Jerry

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    5 Star Lounger st3333ve's Avatar
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    Re: Inconsistent Google results

    I disagree with one part of your post. For a simple multi-word search like
    <pre>magic forest jezza</pre>

    you should get any page that has those 3 words, regardless of the order that they appear on the page. As a real example, you can try
    <pre>ornithological armadillo kumquat</pre>

    No matter what order you put those words in, you get the same 180 hits, and if you go to the first page on the results list ("Birding Outback Guyana"), you'll see that the words appear in the opposite order from my sample -- i.e., kumquat comes first, and ornithological comes last.

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    Re: Inconsistent Google results

    I think the truth is somewhere in the middle. You don't get only web pages that contain the search terms in the order you entered them, but the order does sometimes make a difference:

    railway station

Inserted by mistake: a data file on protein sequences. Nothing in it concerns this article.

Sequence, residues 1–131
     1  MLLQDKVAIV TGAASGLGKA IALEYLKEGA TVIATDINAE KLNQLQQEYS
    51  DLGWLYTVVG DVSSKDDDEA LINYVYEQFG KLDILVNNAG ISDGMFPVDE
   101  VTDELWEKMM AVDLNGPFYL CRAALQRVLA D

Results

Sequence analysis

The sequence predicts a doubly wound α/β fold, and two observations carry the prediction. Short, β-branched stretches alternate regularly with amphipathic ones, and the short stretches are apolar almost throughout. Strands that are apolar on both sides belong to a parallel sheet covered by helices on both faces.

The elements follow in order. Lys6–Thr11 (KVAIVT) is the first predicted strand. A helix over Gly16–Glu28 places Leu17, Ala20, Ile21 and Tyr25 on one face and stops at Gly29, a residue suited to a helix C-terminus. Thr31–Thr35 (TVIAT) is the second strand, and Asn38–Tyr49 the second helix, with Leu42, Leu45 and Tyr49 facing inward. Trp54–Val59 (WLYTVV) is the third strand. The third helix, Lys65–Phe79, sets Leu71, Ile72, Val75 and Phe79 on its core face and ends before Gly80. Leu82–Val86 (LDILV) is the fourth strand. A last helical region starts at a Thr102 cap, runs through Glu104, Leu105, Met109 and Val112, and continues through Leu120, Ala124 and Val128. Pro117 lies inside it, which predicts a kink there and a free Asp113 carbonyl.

returns 44,800,000 hits, while

    station railway

    returns 46,000,000 hits, and the first hit is different for both (but admittedly each one's #1 hit is listed on the first page for the other search).

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    Re: Inconsistent Google results

    Yes, I probably should have mentioned that the order of the search terms can definitely affect the order of the results -- i.e., which results will be toward the top of the results list. But if changing the order of the search terms means Google might completely fail to return some significant pages that contain all the terms, that would be unpleasant news to me (and I think it would come as a surprise to most Google users). I was somewhat heartened to find that my kumquat, etc. search seemed to come back with 180 hits regardless of the order of the search terms (and for those particular words, the order of the results seems to be pretty much the same as well).

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    Re: Inconsistent Google results

    Hi Steve

    Yes, it is a surprise. Mrs J has finally taken the plunge and started to use the home PC which is a major step. She went on a short course to learn the basics as she refused to have me help and was provided with the basic commands which she can get her head around. She still wonders why I put quotes around some things, I tell her and maybe she will use them in the future but she is happy with the basics for now.